Education & Support

Fostering Stronger Minds, Enriching Lives:
Explore AIGAS Education for Mental Health Services

Substance Use Disorders

Many people in the United States struggle with substance use problems and mental health challenges. These two issues often go hand in hand, and this is called a “dual diagnosis” or “co-occurring disorder.” Either the substance use disorder or the mental health problem can come first.

According to the Substance Abuse and Mental Health Services Administration (SAMHSA), an estimated 9.5 million adults in the United States had both a mental illness and a substance use disorder (SUD) in 2022. This is equivalent to 3.8% of the adult population.

Recognizing the Signs:
Symptoms can be different for everyone with a dual diagnosis. Mental health facilities now use tools to screen for alcohol and drug issues.

Signs of a substance use disorder may include:

  • Pulling away from friends and family.
  • Quick changes in behavior.
  • Doing risky things.
  • Needing more of the substance and feel bad without it.
  • Thinking you need the substance to function.

Symptoms of a mental health condition can also be varied, including mood swings, confusion, trouble concentrating, avoiding social activities, or thinking about suicide.

Ways To Treat Substance Use Disorder
For treatment, it’s important to address both the mental illness and the substance use disorder together. We no longer follow the old idea of treating one problem before the other. You and your treatment provider should understand how these issues affect each other and make a plan that works for you.

Treatment can be different for each person, but common parts may include:

  1. Detoxification: If you have a substance use disorder, you may need to start with detox to get the substance out of your system. This is often done in a hospital, where you can be watched and receive medication to help with withdrawal symptoms.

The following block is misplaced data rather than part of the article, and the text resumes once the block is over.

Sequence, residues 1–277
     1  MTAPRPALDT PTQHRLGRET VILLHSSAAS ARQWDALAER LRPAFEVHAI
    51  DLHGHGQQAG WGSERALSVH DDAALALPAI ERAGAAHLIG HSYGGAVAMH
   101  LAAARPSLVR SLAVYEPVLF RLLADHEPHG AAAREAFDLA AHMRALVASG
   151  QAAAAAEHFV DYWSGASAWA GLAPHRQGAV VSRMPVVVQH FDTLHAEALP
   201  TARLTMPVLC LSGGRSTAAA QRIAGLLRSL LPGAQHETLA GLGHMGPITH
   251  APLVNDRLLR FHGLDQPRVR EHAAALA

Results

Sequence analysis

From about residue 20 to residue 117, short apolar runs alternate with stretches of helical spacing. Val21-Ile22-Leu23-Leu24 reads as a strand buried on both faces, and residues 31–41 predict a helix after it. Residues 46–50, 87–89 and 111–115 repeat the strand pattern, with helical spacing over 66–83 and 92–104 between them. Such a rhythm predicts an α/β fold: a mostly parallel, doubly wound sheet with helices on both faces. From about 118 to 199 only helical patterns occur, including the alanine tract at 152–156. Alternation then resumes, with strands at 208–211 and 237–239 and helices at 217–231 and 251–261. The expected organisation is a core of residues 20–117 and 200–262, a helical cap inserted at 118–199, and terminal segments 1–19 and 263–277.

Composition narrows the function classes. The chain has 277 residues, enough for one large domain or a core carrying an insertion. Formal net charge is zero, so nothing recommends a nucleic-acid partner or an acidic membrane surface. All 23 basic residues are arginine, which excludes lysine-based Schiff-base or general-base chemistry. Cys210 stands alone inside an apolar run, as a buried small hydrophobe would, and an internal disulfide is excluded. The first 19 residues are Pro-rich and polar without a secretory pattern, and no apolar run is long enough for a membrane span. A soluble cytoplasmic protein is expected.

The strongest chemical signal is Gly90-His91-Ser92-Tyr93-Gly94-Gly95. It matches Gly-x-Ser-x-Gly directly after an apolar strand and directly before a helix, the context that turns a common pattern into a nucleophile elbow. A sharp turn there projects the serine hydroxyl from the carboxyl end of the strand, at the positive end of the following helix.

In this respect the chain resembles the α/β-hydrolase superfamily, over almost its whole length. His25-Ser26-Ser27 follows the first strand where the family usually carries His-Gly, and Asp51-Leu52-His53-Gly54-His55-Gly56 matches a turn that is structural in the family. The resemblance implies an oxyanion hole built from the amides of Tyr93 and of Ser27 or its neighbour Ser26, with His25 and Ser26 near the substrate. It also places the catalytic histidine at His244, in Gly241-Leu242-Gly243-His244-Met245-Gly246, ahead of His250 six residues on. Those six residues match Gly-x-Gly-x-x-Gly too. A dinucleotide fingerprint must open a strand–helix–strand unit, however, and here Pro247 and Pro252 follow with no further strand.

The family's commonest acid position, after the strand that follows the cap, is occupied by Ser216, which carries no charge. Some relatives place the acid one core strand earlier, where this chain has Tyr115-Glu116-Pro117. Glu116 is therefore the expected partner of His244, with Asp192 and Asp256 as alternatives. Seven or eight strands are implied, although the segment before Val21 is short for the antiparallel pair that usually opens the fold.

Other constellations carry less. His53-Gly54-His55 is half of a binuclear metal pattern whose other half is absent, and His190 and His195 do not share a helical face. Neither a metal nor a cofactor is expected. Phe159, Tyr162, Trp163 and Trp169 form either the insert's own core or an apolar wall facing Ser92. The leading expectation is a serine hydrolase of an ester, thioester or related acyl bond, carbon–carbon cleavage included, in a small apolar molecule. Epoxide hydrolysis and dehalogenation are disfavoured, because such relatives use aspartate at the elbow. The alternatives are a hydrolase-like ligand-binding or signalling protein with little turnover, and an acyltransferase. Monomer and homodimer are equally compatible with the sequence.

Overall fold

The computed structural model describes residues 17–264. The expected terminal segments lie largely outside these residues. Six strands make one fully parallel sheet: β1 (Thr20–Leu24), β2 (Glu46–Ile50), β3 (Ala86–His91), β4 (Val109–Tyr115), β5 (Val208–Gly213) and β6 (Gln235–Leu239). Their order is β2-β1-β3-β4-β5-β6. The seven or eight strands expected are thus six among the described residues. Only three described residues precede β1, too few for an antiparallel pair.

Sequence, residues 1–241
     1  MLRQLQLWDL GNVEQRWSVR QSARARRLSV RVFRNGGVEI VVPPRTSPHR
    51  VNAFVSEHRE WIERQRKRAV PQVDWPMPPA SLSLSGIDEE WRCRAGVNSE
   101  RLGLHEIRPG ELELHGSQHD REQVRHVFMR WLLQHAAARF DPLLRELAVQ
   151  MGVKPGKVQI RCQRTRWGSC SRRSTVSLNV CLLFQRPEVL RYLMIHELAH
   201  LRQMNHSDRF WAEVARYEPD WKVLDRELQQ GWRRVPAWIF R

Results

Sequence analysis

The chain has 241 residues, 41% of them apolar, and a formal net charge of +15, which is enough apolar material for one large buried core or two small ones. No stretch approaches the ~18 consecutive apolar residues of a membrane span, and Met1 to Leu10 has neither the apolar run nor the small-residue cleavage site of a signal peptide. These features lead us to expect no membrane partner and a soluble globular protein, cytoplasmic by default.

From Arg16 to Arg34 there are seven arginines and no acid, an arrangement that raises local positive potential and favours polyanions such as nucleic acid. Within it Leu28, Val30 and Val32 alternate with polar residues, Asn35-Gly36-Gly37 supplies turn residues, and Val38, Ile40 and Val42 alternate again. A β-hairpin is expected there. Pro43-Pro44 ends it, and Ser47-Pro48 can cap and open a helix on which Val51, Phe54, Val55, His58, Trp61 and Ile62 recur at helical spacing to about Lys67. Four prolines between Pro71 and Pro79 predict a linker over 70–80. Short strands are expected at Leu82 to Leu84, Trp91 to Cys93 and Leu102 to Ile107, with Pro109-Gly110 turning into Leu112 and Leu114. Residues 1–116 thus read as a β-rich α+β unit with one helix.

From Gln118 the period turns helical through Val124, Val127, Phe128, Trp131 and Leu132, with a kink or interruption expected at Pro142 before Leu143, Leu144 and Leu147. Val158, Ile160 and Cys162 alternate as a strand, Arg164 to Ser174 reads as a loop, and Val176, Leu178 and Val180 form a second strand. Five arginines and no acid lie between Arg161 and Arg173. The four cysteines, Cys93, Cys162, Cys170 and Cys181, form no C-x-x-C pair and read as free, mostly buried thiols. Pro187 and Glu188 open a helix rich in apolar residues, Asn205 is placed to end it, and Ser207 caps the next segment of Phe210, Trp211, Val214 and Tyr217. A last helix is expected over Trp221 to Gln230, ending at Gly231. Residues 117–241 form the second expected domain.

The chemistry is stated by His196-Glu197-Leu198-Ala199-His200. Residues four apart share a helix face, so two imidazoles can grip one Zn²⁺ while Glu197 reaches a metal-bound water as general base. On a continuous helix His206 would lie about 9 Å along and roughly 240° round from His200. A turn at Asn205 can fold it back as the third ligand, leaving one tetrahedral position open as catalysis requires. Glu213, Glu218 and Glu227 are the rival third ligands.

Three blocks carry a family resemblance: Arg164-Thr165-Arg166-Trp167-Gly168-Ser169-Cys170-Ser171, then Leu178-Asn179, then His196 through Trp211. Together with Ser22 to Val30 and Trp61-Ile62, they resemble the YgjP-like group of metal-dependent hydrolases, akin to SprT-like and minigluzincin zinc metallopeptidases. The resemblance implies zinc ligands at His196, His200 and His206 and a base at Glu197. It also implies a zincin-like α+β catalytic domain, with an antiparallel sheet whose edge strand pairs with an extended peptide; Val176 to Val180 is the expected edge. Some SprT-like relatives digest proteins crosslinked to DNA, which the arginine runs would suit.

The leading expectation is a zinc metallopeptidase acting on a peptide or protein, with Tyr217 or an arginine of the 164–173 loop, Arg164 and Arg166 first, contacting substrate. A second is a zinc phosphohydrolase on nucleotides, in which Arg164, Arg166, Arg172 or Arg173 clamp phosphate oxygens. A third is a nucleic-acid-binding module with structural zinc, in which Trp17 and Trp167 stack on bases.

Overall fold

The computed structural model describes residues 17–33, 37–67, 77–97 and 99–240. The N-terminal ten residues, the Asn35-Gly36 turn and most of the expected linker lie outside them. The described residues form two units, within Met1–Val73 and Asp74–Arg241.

2. Inpatient Rehabilitation: If you have both mental health and substance use issues, inpatient rehabilitation can be helpful. These centers provide 24/7 medical and mental health care, along with therapy, support, and medications to address the substance use disorder and its underlying causes.
  3. Psychotherapy: Talking to a therapist is often a big part of treatment. Cognitive-behavioral therapy (CBT) can be especially helpful, as it teaches you how to manage unhelpful thoughts that might lead to substance use.
  4. Medications: Some medications can help with mental illness and also reduce withdrawal symptoms during detox.
  5. Supportive Housing: There are places like group homes or sober houses that can help people who are newly sober or trying to avoid relapse. It’s important to choose these places carefully, as they may offer different levels of care.
  6. Self-Help and Support Groups: Dealing with a dual diagnosis can be tough and lonely. Support groups provide a place to share your experiences, get referrals to specialists, find community resources, and learn from others in recovery. Some groups to consider include:
  7. Double Trouble in Recovery: A 12-step program for people dealing with both mental illness and substance use issues.
  8. Alcoholics Anonymous and Narcotics Anonymous: These are 12-step groups for people recovering from alcohol or drug problems. Look for groups that acknowledge the role of mental health treatment in recovery.
  9. Smart Recovery: A support group for people with various addictions that doesn’t rely on faith-based approaches.

Medical advancements, therapy, and various support services like housing, employment help, and peer assistance have turned the idea of getting better for people with mental health problems into a reality.